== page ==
After disastrous Monday and Tuesday, I continued my remedy of drowning myself in work. Then, something happened around 3 AM on the night that connected Tuesday to Wednesday. We have this saying “seytan durttu” in Turkish, which means “the devil nudging you”. It is doing something out of nowhere, as if something called you to do it. I was checking out Messenger and just happened to press on my Messenger requests, probably second or third time in my entire life. Then I saw it. A Spanish name that I’ll keep anonymous sent me a Turkish Google Translate message. He said that he worked in security at Chichen Itza and had my passport, along with his phone number to reach out to him. He sent me this message the night before I had realized that my passport was missing. It was there, all along, and I never noticed it. I could think of posting messages to random “lost and found” Facebook groups in Mexico, but I didn’t think of someone just trying to reach out to me simply from my name and surname. That miracle we sought for days was sitting in my phone and I never realized it.

I went mad. My mom woke up to me yelling and walking like crazy in the living room. I called my friends from Mexico trip. Then my friend Julian called the guy and told me that he was a good man, who still had my passport in his office. For about half an hour, all the “what if”s raided my thoughts. There was smoke coming out of my ears. Then I started laughing. I caught that worried look in my mom’s eyes if I was seriously getting mad. Then I stopped. Nothing has seriously changed. That passport was gone and the decision on my future was made. I told the Chichen Itza guy that I would see what the best way would be to get it from him. I wasn’t sure if shipping a passport, even if cancelled, was a good idea.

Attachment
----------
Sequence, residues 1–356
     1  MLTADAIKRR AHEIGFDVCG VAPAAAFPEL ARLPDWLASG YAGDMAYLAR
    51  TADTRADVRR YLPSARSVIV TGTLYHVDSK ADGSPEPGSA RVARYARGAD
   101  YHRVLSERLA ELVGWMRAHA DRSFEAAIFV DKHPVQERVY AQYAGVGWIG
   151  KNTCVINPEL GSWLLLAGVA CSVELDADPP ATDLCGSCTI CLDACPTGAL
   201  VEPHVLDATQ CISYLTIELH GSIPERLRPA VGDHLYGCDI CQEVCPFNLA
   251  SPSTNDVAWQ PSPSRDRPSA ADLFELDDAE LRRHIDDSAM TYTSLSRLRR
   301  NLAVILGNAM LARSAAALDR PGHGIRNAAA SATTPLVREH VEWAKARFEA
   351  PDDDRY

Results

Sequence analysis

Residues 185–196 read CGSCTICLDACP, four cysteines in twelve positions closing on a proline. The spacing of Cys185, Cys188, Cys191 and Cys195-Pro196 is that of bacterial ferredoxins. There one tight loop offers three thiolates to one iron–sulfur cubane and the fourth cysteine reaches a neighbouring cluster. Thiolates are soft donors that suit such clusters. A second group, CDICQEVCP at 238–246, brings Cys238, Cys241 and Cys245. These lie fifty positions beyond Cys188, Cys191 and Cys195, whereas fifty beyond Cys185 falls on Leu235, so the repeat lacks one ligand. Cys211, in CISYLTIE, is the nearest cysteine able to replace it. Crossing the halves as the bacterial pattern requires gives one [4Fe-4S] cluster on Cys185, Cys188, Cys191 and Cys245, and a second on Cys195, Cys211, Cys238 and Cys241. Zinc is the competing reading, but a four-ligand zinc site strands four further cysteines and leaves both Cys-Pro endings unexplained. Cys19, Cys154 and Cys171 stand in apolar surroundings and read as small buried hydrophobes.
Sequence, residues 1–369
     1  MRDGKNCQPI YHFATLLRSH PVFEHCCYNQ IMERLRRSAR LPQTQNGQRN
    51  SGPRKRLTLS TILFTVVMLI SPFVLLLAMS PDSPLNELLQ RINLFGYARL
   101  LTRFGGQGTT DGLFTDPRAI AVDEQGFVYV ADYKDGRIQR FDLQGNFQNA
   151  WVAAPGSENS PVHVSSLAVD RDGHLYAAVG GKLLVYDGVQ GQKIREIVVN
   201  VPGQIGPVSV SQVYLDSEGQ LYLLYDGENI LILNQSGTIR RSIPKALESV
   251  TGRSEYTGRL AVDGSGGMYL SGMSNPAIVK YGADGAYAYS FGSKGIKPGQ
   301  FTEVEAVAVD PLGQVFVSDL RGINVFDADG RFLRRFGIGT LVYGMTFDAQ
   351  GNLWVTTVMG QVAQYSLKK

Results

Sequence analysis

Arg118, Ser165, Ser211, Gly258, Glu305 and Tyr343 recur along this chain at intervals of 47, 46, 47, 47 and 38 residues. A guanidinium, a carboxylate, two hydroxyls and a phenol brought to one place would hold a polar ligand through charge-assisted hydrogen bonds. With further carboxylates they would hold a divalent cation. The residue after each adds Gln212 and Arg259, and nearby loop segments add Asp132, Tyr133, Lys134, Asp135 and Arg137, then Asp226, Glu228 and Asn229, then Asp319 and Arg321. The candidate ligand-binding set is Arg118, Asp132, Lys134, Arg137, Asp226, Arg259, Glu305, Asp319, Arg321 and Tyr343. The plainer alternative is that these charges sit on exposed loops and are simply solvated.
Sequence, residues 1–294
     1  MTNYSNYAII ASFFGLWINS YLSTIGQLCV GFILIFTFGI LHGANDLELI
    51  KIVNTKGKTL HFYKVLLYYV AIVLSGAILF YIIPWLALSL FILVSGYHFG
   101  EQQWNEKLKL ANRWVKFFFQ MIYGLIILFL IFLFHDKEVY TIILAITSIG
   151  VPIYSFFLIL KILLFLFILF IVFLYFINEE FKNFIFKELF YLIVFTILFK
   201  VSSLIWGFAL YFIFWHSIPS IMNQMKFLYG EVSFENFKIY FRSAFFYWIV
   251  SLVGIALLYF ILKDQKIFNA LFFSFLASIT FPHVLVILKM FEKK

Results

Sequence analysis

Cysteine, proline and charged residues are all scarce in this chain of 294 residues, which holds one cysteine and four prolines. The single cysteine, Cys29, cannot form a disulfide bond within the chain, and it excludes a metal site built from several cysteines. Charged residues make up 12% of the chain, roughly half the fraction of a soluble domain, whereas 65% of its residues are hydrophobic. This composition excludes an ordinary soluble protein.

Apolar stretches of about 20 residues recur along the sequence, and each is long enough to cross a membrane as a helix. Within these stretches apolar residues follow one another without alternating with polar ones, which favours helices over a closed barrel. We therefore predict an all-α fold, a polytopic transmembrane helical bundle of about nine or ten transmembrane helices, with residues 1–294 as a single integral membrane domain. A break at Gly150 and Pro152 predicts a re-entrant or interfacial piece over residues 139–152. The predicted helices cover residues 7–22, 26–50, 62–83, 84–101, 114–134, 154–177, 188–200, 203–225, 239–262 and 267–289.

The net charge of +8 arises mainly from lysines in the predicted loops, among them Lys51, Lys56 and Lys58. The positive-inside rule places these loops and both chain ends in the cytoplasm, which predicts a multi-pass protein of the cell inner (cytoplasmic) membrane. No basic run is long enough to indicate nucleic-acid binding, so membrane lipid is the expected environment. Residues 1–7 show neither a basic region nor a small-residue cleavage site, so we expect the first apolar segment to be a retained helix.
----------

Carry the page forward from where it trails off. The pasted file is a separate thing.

Then of course, we started speculating. What if the visa in it was still valid? My uncle who lived in the US came up with this crazy suggestion of me flying to Mexico, picking that up and crossing to the US. I always loved how bold he was, but I had no hope for my future to burn another 2k $ at that moment.

I was not hopeful about that visa being valid. I was reckless enough to still ping the guy from Turkish embassy, and he thought it would be invalid. Online information also clearly stated that “if a passport or visa is lost, the person should apply for a new visa”. But then, it was not clear if that lost visa was actually found. Nobody entered in some database and cancelled that visa for me. Yet.

With these crazy questions in mind, I sent an email to the US embassy. Surprisingly, they responded fast. They told me these miraculous sentences: “If the visa is undamaged and the information on it is not changed, it was valid.”

This was a game changer. Firstly, I could have received it sooner than my new visa appointment, and I would need my student status in the US to end before entering with my tourist visa anyway. Secondly, if there was a valid US visa of mine somewhere in the world, then Fulbright could submit my work authorization.

I impatiently waited for 9 AM in New York and just called my IIE advisor. The call was no different than the first one, almost equally dramatic. But this time, my advisor understood that there was a chance to fight for and she promised that she’d reach out to sponsors to explain the situation before end of the day. I waited, and indeed, she sent me an email at 2 AM in Turkey time. She simply said “At this point, there is really not enough time for your work authorization to get processed. Also your situation already got weirder. But you are right that you can still try as long as you get that visa and travel back with it.” She emphasized “BE PREPARED THAT YOUR WORK AUTHORIZATION CAN STILL GET REJECTED.”

Those of you who I called out in the beginning of this article. You know that there was no option for me but to try. My current self, as a future-self reflecting all these, sincerely thinks that given all the pain and stress this process cost me, it would be the wisest decision to accept the situation and draw a new path for myself, which wouldn’t be drastically different in the long term.

But then, I am not wise.